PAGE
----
That's 60 minutes worth of bras.  I refused to hang up one bra properly, because it was on a hanger with the wrong label, and I almost cut off circulation when I put it on.

In the end, though, I found a single bra that fit.  It is nice.  It is comfortable.  It is actually a plunge push-up, because apparently no normal bras fit my particular boob shape.  It is only available in lacy and leopard print, so I bought both.  In honor of a successful day, here's a selfie with Z.  Hooray for boobies!  (What am I doing with my arm?  Too weird.)

Tuesday, May 3, 2016



In my home, there are two girls.

I have a daughter.
She is four years old.
She is interested in anatomy and astronomy.
She has a picture book filled with fantastic painted planets and poetry about each one.
She loves YouTube videos in which cartoon characters explain how the body works in simple language.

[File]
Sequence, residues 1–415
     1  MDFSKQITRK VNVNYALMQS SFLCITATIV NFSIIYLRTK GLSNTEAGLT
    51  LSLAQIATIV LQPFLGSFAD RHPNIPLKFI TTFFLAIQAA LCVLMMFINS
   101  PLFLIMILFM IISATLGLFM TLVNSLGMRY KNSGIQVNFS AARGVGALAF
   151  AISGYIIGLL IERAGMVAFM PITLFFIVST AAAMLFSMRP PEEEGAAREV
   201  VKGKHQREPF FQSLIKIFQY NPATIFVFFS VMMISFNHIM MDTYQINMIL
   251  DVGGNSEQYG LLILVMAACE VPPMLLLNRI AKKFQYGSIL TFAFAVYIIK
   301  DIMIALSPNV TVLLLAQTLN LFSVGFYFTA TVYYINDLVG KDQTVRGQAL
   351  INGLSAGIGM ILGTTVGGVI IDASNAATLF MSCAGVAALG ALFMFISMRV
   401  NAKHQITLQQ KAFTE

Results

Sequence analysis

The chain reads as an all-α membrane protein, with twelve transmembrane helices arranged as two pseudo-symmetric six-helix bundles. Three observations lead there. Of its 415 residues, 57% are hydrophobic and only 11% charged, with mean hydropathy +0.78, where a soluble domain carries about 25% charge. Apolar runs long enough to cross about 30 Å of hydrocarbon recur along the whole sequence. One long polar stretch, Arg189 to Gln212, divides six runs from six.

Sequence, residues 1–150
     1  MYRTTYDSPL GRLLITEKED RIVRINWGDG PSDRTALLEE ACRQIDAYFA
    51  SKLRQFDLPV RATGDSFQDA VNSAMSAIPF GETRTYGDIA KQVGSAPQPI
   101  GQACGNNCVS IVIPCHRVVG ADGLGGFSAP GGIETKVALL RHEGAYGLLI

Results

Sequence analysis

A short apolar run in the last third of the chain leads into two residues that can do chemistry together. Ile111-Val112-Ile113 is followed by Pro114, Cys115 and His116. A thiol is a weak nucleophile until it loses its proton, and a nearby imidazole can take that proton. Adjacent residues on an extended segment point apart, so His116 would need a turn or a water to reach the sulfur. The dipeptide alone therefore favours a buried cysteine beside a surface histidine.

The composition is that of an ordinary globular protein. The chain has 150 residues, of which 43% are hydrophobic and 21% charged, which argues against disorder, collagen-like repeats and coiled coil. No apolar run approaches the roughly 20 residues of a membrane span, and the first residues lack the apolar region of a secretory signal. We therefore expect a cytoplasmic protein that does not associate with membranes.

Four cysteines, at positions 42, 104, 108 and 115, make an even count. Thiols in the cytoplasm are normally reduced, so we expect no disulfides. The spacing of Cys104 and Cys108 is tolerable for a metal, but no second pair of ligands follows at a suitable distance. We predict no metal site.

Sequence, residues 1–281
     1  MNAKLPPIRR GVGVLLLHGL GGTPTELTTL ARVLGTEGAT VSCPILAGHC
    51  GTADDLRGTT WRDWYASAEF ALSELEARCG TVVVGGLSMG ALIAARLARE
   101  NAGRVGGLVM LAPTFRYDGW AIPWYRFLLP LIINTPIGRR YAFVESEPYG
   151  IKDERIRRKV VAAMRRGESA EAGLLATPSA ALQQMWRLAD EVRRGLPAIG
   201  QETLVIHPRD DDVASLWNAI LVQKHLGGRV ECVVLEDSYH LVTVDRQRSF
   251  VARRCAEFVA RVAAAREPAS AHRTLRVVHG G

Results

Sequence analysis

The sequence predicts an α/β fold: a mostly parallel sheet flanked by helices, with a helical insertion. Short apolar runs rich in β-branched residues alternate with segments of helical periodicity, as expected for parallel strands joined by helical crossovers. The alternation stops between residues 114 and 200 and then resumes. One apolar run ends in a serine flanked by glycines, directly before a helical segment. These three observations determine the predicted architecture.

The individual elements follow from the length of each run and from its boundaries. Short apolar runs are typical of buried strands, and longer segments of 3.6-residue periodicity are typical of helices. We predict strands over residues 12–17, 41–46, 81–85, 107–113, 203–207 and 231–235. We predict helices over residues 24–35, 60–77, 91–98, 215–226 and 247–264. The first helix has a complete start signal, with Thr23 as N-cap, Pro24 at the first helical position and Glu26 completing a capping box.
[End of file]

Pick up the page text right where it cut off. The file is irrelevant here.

She draws hundreds of pictures of planets and people.  Bodies and stars.
She signs her name to each one in big wobbly letters.
When she grows up, she thinks she might want to be a nurse or an artist.
She knows how to pump herself on the swings,
How to ride a bicycle without training wheels,
And how to mix the batter if we have waffles for breakfast.

I have a foster daughter.
She is four years old.
She is interested in Frozen, the Disney movie musical.
She has a lot of little Anna and Elsa dolls.
She loves to hear Let It Go and Do You Wanna Build a Snowman?
She imagines power and magic and a real sister who lives at Mommy's house forever.
She picks out the letters of her name from street signs and the covers of books.
When she grows up, she thinks she might want to be not so afraid all the time.
She knows how to pump herself on the swings,
How to ride a bicycle without training wheels,
And how to microwave her own popcorn if nobody comes home.

In my home, there are two girls.
They are both four years old.

Monday, April 25, 2016

You can make your own (bad) decision

An open letter to my precious child: